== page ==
The 7th is one of the shortest par 4’s on the course. If someone can get through the chute of trees off the tee without incident, it can be an opportunity for a good score. Thankfully the trees don’t extend more than 50 to 100 yards. Pine trees run to the left of the cart path and mounds run down the right side of the hole. A fade is probably the best shape to find the fairway. Two hazards come into play around the green, one is off to the right while the other is long and left.
#8 (168 yard par 3):
The 8th is a mid-length par 3 that plays a little uphill into a green that cannot be seen from the tee. There are bunkers short and long of the back to front and left to right sloping green. You are going to have to know your distance to knock one close!
#9 (490 yard par 5):
The 9th played as the easiest hole on the course for me! It is a short par 5 and one of the few doglegs at Glade Valley. A mound to the left and a bunker to the right narrow the fairway ~225 yards off the tee. I took an aggressive line over the mound and must have got a nice bounce because I was able to go for the green in two with a long iron. Similar to the 8th, there are greenside bunkers short of and over the green. I had to try to thread the needle around the front one with my 3 iron. If laying up, a fairway bunker to the right should be avoided.
#10 (474 yard par 4):
The 10th is listed as the longest par 4 on the course, but it played closer to 450 yards when we were there. The fairway is a bit on the narrow side considering its length and there is a pond short and right of the green. I couldn’t see the pond from the fairway, so if your miss is right (like mine), take that into consideration.
#11 (505 yard par 5):
The 11th is another reachable par 5, but I had to think more than I did on the 9th! The tee shot is should be played between two bunkers to a fairway that has a rise in it. That rise is ~230 yards to get to and a shot short of it will land into an upslope. If someone can carry the ball at least to the top of the rise then they can get a nice kick and get some roll. From there, it is a chance to go from the green but the best shot is going to be a hook from a downhill lie. The green angles from front right to back left around a bunker and there is water off to the right. Playing to the front right part of the green isn’t a bad idea.
#12 (436 yard par 4):
The 12th is a long par 4 that plays to a blind landing area. There isn’t any hidden trouble and the fairway is larger than it looks from the tee. The only bother is going to be a downhill lie for the approach which at best is probably going to be a mid-iron. Making good contact on the approach is important because the green is slightly elevated. There is a grass bunker short and right of the green which shouldn’t be a bad spot to bail out.
#13 (171 yard par 3):
The 13th is a mid-length par 3, but it was only playing ~150 yards when we were there. The green complex is brilliantly designed for a mid-iron and made it fun trying to play the perfect shot. The green slopes from left to right towards a pond (which also guards the 7th green). Anything landing to the right of the green is going to kick in the water so make sure to favor the left side. I tried to cut my shot into the green and use the slope to get it close. I missed left of the green and had a speedy chip which I ran well past the flag. I think there were some bunkers to the left of the green which had been filled in making it more playable. All sorts of numbers can be made here which I think makes it fun.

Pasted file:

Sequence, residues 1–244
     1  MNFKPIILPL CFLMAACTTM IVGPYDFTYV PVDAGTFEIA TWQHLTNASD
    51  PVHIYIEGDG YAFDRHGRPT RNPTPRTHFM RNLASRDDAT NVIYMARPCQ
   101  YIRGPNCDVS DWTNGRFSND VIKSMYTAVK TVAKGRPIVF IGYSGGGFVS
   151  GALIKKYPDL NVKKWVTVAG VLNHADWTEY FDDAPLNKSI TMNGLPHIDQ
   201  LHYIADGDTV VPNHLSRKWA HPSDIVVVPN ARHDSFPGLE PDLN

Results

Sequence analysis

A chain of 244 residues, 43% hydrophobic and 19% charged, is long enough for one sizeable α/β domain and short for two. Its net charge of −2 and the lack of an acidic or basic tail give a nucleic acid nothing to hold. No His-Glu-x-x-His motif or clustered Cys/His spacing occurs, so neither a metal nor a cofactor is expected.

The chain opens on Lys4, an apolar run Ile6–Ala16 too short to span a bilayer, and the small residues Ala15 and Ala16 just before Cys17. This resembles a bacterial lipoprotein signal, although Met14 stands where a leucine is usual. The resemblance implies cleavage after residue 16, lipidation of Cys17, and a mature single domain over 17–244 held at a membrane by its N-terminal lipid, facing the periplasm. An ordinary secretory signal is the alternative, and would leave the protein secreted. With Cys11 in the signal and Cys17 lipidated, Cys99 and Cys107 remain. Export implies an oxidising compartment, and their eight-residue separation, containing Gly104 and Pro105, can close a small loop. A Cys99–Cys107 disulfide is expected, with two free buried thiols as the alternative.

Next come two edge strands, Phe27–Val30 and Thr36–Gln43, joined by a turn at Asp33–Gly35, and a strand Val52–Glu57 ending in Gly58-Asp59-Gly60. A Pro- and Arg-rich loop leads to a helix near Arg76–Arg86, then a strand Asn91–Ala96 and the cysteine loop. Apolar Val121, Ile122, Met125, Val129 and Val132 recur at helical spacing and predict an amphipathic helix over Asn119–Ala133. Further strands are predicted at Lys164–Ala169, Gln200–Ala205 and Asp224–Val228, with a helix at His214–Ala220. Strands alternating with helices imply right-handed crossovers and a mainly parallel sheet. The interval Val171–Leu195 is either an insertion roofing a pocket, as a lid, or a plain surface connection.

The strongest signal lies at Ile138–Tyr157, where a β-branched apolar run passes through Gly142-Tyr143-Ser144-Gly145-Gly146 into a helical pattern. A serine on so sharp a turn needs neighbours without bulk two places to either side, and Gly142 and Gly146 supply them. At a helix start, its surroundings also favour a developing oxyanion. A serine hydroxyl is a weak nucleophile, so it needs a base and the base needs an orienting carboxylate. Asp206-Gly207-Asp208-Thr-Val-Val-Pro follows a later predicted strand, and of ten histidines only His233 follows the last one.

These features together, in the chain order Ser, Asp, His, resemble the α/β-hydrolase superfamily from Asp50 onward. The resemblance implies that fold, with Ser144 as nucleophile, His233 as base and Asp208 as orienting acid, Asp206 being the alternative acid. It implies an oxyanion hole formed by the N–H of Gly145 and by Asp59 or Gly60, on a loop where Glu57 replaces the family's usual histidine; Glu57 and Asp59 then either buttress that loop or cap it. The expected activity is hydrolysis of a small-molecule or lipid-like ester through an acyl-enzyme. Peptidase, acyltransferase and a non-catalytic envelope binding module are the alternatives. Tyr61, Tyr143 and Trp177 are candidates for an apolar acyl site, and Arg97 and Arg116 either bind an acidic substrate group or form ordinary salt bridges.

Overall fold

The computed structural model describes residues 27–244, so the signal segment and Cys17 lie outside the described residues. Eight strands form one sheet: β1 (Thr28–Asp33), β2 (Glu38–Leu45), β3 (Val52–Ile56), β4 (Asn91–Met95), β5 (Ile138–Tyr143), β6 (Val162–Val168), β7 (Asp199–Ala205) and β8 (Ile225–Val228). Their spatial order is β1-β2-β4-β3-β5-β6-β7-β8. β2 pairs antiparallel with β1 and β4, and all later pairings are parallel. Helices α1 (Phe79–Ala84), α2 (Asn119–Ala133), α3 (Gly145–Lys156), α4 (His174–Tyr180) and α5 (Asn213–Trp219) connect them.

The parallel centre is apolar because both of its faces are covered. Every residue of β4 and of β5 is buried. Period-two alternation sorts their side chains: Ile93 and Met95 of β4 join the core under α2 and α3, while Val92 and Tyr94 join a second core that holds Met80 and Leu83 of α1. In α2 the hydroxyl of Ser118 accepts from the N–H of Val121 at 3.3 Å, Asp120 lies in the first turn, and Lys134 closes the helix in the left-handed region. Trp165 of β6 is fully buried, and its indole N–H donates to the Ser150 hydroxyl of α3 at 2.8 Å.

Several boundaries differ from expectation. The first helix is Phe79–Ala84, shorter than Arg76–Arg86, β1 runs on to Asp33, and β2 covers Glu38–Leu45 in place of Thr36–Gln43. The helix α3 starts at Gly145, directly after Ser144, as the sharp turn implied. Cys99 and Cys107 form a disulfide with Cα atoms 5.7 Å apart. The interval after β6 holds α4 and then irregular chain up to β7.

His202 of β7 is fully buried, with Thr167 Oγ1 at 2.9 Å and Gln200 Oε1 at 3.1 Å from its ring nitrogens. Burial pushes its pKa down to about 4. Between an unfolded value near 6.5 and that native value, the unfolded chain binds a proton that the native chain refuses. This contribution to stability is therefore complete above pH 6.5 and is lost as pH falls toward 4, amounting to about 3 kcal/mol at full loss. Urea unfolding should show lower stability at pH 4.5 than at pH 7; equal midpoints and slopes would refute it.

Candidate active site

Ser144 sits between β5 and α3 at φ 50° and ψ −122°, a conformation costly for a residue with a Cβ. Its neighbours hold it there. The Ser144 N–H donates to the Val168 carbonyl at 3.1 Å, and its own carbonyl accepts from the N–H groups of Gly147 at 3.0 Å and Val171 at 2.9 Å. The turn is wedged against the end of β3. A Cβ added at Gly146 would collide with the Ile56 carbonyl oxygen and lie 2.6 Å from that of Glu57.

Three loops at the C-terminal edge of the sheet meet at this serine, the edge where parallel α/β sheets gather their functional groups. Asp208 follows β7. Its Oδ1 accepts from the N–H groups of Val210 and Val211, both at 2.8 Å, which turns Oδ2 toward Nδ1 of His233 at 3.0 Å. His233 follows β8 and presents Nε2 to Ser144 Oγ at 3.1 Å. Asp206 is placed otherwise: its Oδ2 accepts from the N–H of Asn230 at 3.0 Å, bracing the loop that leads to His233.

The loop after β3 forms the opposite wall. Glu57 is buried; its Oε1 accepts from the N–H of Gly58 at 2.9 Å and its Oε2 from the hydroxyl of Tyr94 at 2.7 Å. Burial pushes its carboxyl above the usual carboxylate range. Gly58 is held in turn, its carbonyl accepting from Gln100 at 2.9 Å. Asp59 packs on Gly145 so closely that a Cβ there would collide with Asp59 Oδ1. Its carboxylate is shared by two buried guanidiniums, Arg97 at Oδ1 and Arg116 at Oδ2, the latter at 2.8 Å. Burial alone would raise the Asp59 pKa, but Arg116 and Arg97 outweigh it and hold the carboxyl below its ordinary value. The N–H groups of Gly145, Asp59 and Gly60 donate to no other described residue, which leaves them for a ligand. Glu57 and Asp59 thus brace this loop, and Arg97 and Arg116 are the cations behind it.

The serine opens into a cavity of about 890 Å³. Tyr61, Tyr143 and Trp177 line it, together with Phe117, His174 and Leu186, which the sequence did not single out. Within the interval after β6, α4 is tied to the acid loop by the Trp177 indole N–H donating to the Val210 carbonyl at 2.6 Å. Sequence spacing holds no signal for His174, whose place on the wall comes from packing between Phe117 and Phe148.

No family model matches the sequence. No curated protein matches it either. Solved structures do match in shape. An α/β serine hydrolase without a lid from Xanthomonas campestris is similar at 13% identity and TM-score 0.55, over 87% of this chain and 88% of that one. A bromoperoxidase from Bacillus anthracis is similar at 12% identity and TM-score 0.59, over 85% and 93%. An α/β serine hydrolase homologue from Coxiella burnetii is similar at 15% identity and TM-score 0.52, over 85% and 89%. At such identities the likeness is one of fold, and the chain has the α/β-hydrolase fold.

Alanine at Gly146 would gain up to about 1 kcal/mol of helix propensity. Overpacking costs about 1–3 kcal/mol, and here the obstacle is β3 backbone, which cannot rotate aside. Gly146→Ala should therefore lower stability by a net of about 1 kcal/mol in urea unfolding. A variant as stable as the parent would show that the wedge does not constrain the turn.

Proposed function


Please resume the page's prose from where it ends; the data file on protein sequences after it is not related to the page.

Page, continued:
#14 (327 yard par 4):
The 14th is a short par 4 that drove me nuts! I was happy with my bogey and I even hit the fairway! The tee shot plays through an extremely narrow opening to a rather large fairway. I’d like to see those trees trimmed back to make the tee shot a bit easier. It was just a layup club off the tee and I found myself on the right side of the fairway after slicing it more than I wanted. That worked out well because I had just a pitching wedge firing up the gut of the narrow green. If playing from the left side then the angle is going to be much tougher. There is water to the left of the green and the right side drops off into rough that is below green level. I thought the best play from the low area was a bump and run into the mound with water lurking long. Scary!
#15 (168 yard par 3):
The 15th plays a bit uphill into a green that is partially hidden by the terrain. The green is larger than it looks and again there are bunkers short and long.
#16 (530 yard par 5):
The 16th is the longest par 5 on the course, it shouldn’t pose too much of a problem. The tee shot plays a bit uphill to a fairway that narrows near the left bunker (~240 yards). I fanned my tee shot out by the cart path and had no trouble finding it. After the tee shot the rest of the hole plays slightly downhill into a green with a small false front. That makes controlling the spin for the third important.
#17 (455 yard par 4):
The 17th played about 400 yards and I didn’t even see a tee box where it could play the full 455 yards. It was a bit downwind so I hit driver and a short iron into the green. The fairway slopes some from right to left, but even with a bunker off to the right I found the tee shot to be inviting. The green is deeper than it looks from the fairway so that might throw off some second shots.
#18 (460 yard par 4):
The 18th is the longest par 4 on the course and the #3 handicap! A creek cuts across the fairway ~260 yards so laying up might be needed depending on the wind and how firm the course is playing. From there it should be a long club into the green. I missed the fairway and the best I could do was slash my hybrid out short of the green. It still gave me a chance for a par after a good chip so there is a chance to recover.